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    N2 - IntroductionCraniofacial reconstruction (CFR) and approximation (CFA) are among terms commonly used to describe the procedure of predicting and recreating a likeness of an individual face based on the morphology of the skull (Gerasimov, 1955; Krogman and İşcan, 1986; Wilkinson, 2004). A variety of methods exist, most of which employ averaged tissue-depth data at various landmarks of the skull, and feature prediction guidelines to estimate the morphology of the eyes, nose, mouth and ears. Some methods also entail interpretation of general and local skull morphology to predict individual muscles of mastication and facial expression. This chapter will describe craniofacial patterns, and discuss anatomical and morphological interrelationships between the skull and the face, such as may be useful in craniofacial reconstruction.A key principle of anatomy is that structure is inextricably related to function. Every organ, indeed every organelle in every cell in every biological organism, has been gradually evolving its way into a functional niche through the process of natural selection over innumerable generations. The human head is anatomically and architecturally fascinating because of the wide range of functions carried out by its constituent parts. Organs dedicated to four of the five special senses are housed in the craniofacial complex: the eyes (vision), the inner, middle and outer ears (audition/balance), the mouth and oropharynx (gustation/mastication/respiration/verbalisation) and the nasopharyngeal airway (olfaction/respiration), and the functionality of each is responsible in part for the structure of the head and face. The eyes of a child appear much larger and further apart than those of an adult; of course, this is only relative to the rest of the face, but the eyes must develop to a certain level, and thus a certain size, in order to function, and must be a certain distance apart for effective binocular vision, so this structural arrangement is set up early and maintained throughout development. However, the nose, mouth and lower face change shape quite drastically between infancy and adulthood, but remain functional throughout development via a series of compensatory mechanisms involving the entire craniofacial complex.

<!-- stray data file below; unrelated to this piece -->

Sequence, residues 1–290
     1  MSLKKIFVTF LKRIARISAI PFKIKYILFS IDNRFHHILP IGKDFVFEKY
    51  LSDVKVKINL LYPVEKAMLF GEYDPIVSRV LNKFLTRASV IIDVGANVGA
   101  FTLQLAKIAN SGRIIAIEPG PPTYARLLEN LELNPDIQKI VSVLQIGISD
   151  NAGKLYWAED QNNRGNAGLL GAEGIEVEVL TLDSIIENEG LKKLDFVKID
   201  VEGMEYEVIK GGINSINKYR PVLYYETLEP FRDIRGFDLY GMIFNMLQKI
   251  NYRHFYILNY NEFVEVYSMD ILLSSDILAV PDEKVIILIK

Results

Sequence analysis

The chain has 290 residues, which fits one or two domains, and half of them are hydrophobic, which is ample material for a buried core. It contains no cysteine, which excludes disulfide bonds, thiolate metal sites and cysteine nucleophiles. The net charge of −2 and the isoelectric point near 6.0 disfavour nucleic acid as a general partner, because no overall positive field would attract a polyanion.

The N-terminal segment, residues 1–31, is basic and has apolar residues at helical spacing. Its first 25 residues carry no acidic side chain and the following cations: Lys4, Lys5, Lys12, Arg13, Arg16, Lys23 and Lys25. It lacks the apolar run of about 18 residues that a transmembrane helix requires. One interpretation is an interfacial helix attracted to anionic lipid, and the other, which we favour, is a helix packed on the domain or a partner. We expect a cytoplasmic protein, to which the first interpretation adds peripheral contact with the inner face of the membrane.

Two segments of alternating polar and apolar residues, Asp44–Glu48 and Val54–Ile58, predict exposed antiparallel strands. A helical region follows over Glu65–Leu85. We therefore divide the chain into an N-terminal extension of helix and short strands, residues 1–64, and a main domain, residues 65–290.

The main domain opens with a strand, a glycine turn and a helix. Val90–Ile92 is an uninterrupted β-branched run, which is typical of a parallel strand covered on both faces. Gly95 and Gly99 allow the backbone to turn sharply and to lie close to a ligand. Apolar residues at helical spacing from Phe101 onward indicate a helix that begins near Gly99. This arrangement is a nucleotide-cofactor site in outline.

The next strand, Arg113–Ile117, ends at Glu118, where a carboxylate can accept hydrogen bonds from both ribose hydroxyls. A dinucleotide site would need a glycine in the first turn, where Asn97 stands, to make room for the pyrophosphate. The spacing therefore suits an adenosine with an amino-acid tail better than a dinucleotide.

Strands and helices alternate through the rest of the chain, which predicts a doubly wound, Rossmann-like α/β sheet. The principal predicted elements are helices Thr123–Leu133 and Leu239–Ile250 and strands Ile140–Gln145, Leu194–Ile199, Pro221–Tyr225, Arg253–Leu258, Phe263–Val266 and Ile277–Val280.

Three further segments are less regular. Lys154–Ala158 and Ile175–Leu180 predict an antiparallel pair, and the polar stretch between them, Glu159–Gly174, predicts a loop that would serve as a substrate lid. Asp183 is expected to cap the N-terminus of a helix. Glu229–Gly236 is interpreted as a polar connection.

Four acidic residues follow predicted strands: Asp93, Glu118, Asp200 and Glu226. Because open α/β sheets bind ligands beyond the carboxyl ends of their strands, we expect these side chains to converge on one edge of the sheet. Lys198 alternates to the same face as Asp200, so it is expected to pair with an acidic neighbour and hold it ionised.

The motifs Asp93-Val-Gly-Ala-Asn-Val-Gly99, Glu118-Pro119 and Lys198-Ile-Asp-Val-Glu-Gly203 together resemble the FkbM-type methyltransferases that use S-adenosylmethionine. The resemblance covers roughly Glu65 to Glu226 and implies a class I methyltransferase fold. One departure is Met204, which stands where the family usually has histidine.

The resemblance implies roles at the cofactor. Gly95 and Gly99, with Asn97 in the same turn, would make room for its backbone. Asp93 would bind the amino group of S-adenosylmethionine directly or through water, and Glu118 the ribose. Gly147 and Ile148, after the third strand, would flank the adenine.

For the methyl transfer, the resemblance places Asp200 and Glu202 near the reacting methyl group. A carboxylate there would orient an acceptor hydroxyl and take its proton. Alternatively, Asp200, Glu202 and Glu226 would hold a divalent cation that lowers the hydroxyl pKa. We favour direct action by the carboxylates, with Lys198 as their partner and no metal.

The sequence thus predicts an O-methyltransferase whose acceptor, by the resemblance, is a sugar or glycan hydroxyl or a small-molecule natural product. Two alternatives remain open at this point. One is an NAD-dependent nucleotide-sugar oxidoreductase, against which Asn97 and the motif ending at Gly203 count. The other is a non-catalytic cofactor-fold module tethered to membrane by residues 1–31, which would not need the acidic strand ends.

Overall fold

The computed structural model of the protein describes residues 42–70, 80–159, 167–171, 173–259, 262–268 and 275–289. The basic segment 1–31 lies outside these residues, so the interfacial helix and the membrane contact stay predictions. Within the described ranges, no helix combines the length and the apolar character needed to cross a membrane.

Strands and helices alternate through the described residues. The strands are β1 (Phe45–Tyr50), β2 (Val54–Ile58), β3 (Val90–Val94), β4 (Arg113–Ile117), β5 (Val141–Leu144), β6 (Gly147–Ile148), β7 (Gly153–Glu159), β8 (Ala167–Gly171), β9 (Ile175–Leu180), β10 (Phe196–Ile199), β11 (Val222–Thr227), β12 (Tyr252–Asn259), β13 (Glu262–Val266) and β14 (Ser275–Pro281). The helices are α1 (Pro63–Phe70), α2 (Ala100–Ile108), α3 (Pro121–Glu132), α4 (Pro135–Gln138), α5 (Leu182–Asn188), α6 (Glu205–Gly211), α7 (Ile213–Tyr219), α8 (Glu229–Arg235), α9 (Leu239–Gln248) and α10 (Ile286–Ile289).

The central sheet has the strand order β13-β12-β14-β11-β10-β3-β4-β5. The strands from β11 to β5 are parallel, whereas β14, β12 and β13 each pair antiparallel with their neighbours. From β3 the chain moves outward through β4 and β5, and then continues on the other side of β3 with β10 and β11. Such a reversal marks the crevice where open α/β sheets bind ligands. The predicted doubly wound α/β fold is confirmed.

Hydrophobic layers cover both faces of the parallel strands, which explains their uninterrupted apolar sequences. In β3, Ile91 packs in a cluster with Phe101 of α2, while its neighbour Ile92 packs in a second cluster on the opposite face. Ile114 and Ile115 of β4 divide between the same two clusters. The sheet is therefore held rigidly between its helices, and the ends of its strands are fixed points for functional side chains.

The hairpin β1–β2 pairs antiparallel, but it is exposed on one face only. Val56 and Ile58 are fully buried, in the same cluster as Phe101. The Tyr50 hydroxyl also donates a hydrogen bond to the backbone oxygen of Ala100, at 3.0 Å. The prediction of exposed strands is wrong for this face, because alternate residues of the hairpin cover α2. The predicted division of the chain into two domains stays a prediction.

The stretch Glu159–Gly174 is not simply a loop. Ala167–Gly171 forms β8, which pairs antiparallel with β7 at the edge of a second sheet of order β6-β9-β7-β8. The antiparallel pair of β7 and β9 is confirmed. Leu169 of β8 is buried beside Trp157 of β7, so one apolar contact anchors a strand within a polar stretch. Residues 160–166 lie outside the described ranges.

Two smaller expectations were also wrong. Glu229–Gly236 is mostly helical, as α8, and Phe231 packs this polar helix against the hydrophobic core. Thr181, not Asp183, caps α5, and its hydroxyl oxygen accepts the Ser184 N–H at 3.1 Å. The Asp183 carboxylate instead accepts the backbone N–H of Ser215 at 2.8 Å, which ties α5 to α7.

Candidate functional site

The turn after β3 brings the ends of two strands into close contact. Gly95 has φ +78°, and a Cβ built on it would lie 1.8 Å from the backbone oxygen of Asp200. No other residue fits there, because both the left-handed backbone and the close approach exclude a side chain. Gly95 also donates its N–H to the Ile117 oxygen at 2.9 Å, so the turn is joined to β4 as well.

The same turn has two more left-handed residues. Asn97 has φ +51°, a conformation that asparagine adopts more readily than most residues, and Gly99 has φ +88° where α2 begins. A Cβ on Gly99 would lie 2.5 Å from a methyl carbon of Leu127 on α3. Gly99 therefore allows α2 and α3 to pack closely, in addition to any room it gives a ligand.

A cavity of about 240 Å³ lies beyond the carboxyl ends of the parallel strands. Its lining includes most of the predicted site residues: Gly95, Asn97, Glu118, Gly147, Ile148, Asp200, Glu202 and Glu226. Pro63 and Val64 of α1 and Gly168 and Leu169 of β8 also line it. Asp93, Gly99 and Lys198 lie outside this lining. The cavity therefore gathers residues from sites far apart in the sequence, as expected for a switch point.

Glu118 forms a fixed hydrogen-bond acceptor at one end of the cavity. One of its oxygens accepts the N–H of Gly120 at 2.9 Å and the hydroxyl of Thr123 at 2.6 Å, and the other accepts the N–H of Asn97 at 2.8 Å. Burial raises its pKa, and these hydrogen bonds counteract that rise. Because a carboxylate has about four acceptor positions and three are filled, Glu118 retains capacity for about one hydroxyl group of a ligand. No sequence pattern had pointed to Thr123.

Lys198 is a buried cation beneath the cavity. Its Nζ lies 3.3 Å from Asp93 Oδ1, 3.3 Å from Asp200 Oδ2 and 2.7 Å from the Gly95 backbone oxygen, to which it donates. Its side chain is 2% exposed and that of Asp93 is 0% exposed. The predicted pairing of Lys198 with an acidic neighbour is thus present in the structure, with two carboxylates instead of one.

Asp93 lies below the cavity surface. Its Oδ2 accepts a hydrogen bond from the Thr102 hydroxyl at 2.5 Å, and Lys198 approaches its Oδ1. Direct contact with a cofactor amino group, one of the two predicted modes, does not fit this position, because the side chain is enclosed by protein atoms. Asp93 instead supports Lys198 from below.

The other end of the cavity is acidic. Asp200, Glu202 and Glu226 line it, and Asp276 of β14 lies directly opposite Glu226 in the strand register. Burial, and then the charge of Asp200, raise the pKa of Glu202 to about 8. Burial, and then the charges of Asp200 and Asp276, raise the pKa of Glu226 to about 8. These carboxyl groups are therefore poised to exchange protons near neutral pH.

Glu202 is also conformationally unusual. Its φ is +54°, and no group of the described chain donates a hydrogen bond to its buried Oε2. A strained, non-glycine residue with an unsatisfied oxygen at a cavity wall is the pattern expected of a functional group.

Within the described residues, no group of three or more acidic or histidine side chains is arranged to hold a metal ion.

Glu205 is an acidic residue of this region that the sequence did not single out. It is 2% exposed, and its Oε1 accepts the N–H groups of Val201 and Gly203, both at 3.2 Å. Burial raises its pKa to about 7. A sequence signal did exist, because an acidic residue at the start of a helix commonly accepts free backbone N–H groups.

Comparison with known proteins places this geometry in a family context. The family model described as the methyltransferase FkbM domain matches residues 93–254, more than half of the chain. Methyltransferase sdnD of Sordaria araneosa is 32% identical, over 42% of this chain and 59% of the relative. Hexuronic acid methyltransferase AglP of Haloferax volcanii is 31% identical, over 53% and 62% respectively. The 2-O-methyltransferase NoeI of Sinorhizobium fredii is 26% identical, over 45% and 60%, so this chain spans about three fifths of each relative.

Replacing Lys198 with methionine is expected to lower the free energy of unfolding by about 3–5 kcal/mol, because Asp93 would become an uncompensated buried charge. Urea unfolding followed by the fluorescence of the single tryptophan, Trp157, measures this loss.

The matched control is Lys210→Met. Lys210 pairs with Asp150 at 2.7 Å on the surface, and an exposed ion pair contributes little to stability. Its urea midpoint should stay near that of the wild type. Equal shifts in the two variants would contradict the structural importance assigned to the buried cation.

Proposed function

AB - IntroductionCraniofacial reconstruction (CFR) and approximation (CFA) are among terms commonly used to describe the procedure of predicting and recreating a likeness of an individual face based on the morphology of the skull (Gerasimov, 1955; Krogman and İşcan, 1986; Wilkinson, 2004). A variety of methods exist, most of which employ averaged tissue-depth data at various landmarks of the skull, and feature prediction guidelines to estimate the morphology of the eyes, nose, mouth and ears. Some methods also entail interpretation of general and local skull morphology to predict individual muscles of mastication and facial expression. This chapter will describe craniofacial patterns, and discuss anatomical and morphological interrelationships between the skull and the face, such as may be useful in craniofacial reconstruction.A key principle of anatomy is that structure is inextricably related to function. Every organ, indeed every organelle in every cell in every biological organism, has been gradually evolving its way into a functional niche through the process of natural selection over innumerable generations. The human head is anatomically and architecturally fascinating because of the wide range of functions carried out by its constituent parts. Organs dedicated to four of the five special senses are housed in the craniofacial complex: the eyes (vision), the inner, middle and outer ears (audition/balance), the mouth and oropharynx (gustation/mastication/respiration/verbalisation) and the nasopharyngeal airway (olfaction/respiration), and the functionality of each is responsible in part for the structure of the head and face. The eyes of a child appear much larger and further apart than those of an adult; of course, this is only relative to the rest of the face, but the eyes must develop to a certain level, and thus a certain size, in order to function, and must be a certain distance apart for effective binocular vision, so this structural arrangement is set up early and maintained throughout development. However, the nose, mouth and lower face change shape quite drastically between infancy and adulthood, but remain functional throughout development via a series of compensatory mechanisms involving the entire craniofacial complex.

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    Rynn C, Balueva T, Veselovskaya E. Relationships between the skull and face. In Wilkinson C, Rynn C, editors, Craniofacial Identification. Cambridge: Cambridge University Press. 2012. p. 193-202 https://doi.org/10.1017/CBO9781139049566.016